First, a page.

EIS Alliance Defines Support for EV Charger Data Exchange Between Customers and the Grid

Defining the Smart Grid: Electric Vehicle Charger "Use Cases" Announced

Sep 27, 2011, 06:00 ET from Energy Information Standards Alliance

SANTA CLARA, Calif., Sept. 27, 2011 /PRNewswire/ -- The Energy Information Standards Alliance (EIS Alliance) has released its first set of domain-specific "use cases." A "use case" identifies the energy information that needs to be shared between the end-user customer and other domains within a smart grid for a given type of equipment or system.  The first use case has been developed to support EV Chargers.  The document outlines the dataflow between Electric Vehicle Supply Equipment (EVSE) and Customer Energy Management Systems (CEMS).  The use case can be downloaded at www.eisalliance.org.

"EV chargers are being rapidly deployed to support the growing base of electric cars," according to David Bunzel, Executive Director of the EIS Alliance.  "With more than 3 million electric vehicles expected to be in the U.S. in the next five years, establishing an infrastructure to support these vehicles is essential.  EV chargers at commercial and industrial buildings are an important segment of this market.  The EVSE to Building use cases will provide for many of the data exchanges and services needed to power these vehicles and also integrate them into the CEMS, which will optimize power consumption."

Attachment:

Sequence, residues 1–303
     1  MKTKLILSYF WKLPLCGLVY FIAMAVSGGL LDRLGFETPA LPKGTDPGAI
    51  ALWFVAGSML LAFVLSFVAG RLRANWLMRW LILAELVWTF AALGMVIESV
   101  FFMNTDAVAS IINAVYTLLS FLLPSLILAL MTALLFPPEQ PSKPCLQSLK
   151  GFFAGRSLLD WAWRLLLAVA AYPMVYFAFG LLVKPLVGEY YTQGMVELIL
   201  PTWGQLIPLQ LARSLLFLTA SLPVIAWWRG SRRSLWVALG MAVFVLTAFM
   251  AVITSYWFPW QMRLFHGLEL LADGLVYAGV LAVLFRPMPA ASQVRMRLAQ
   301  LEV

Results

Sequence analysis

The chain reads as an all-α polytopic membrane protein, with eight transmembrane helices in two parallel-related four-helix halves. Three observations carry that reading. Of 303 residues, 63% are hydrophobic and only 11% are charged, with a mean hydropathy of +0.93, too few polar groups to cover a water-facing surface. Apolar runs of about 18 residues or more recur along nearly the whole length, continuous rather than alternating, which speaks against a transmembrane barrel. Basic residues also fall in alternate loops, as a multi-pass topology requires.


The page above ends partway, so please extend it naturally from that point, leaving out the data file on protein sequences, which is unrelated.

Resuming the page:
CEMS serve as the central hub to manage energy use, optimized for residential, commercial, and industrial customers.  Electric vehicle charging is the first domain to be addressed, with generators, water heaters, HVAC systems, storage systems, alternate energy generation, and lighting all on the Alliance roadmap to support seamless interoperability with the smart grid.

"Optimizing energy in facilities will continue to grow in importance, especially with the expanding demand for High Performance Buildings", said Sharon Dinges, sustainability engineer at Trane, a leading global provider of indoor comfort systems and solutions and a brand of Ingersoll Rand.  "Integrating EV chargers into the CEMS not only provides additional opportunities to manage energy consumption, but also enables additional services that will improve the customer experience."

The CEMS will be able to receive energy information, such as demand response and real-time pricing from the utility, and decide how to effectively manage these in the facility.  The EV charger use cases also support a dashboard, which will display critical information relating to the EV chargers, supporting the facility manager and the decisions made to manage energy usage and costs.

"With tens of thousands of EV charging stations being deployed in the next year and more than one-third of them expected in commercial or industrial facilities, the EVSE-to-building use cases are a critical component to establishing an efficient infrastructure," said Richard Lowenthal, founder and CTO at Coulomb Technologies.  "The integration of CEMS with EV chargers will benefit building owners, tenants and EV drivers.  It allows the integration of EV charging into other business practices and increases the energy efficiency of charging vehicles."

"Enhancing the customer experience, whether it is the facility manager or the vehicle owner, will accelerate growth of this market," noted Kevin Morrow, Executive Vice President of ECOtality.  "The EIS Alliance use cases will provide a critical component to the infrastructure needed for EV chargers to become successful in the market."

About the EIS Alliance

The EIS Alliance is a consortium of companies involved with products and services that support customer energy management.  Member companies include A.O. Smith, Alerton , Aruba Networks, Coulomb Technologies, ECOtality, Honeywell, Ingersoll Rand, Johnson Controls, Park Pod, Trane, and Tridium.  

SOURCE Energy Information Standards Alliance